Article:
MLB makes the expanded playoffs official for 2012

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Just got the press release. It’s official: expanded playoffs for 2012.

The 2012 Postseason will feature a 10-team format that includes two additional Wild Card Clubs and an elimination game in each League prior to the Division Series, Baseball Commissioner Allan H. (Bud) Selig announced today … a single Postseason game would be played between each League’s two Wild Card Clubs, with each winner advancing to compete among the three division champions from each League in the Division Series.

And what we learned this morning — that a division winner will open on the road against the winner of the wild card playoff — is official:

For the 2012 Postseason only, the five-game Division Series will begin with two home games for lower seeds, followed by up to three home games for higher seeds.  This one-year change will eliminate a travel day prior to a decisive Game Five of the Division Series and was necessary because the 2012 regular season schedule was announced before the agreement on the new Postseason was reached.  Next year, the Division Series will return to the 2-2-1 format used in previous years.

All that has been said about this has basically been said: winning the division instead of the wild card is incentivized. More money is made by all.  It’s pretty much what everyone inside the game wants.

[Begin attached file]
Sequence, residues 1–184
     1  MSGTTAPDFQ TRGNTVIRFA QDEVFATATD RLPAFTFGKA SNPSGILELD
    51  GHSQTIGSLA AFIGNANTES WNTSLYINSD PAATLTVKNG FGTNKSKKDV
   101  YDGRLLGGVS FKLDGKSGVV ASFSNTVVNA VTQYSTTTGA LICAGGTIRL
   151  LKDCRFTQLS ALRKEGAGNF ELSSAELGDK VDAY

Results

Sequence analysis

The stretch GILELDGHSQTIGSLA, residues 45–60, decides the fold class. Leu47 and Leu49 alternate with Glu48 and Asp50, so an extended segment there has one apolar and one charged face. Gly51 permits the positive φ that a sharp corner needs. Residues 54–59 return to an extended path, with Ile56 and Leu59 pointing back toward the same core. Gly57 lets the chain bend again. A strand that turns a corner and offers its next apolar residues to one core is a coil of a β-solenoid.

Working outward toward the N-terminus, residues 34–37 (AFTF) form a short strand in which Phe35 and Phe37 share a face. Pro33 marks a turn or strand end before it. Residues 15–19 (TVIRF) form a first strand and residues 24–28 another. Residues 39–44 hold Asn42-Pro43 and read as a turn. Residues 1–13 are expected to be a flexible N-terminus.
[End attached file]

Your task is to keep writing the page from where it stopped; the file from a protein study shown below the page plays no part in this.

Outside the game? A lot of us hate this kind of change.  But being realistic, a lot of us hated the original implementation of the wild card too, and we got over it.  There is no going backwards in baseball.  This sort of thing is inevitable.

Steven Matz homers in back-to-back starts

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Mets starter Steven Matz helped his own cause again, belting a solo home run in the top of the third inning of Tuesday’s game against the Phillies. Matz turned on a 1-1 breaking ball from Cy Young contender Aaron Nola, breaking a scoreless tie.

Matz also homered in his previous start against the Marlins last Thursday. According to MLB Stat of the Day, he is the third Mets pitcher to homer in back-to-back starts, joining Tom Seaver (1972) and Ron Darling (1989).

Matz is the fourth full-time pitcher to hit multiple home runs this season, joining the Reds’ Michael Lorenzen (four), and the Cardinals’ John Gant and Miles Mikolas (two each). The last Mets pitcher to hit multiple home runs in a season was Noah Syndergaard, who hit three in 2016.

Along with the bat, Matz has also been dealing on the mound. As of this writing, he has held the Phillies scoreless over five innings despite walking five batters and allowing two hits.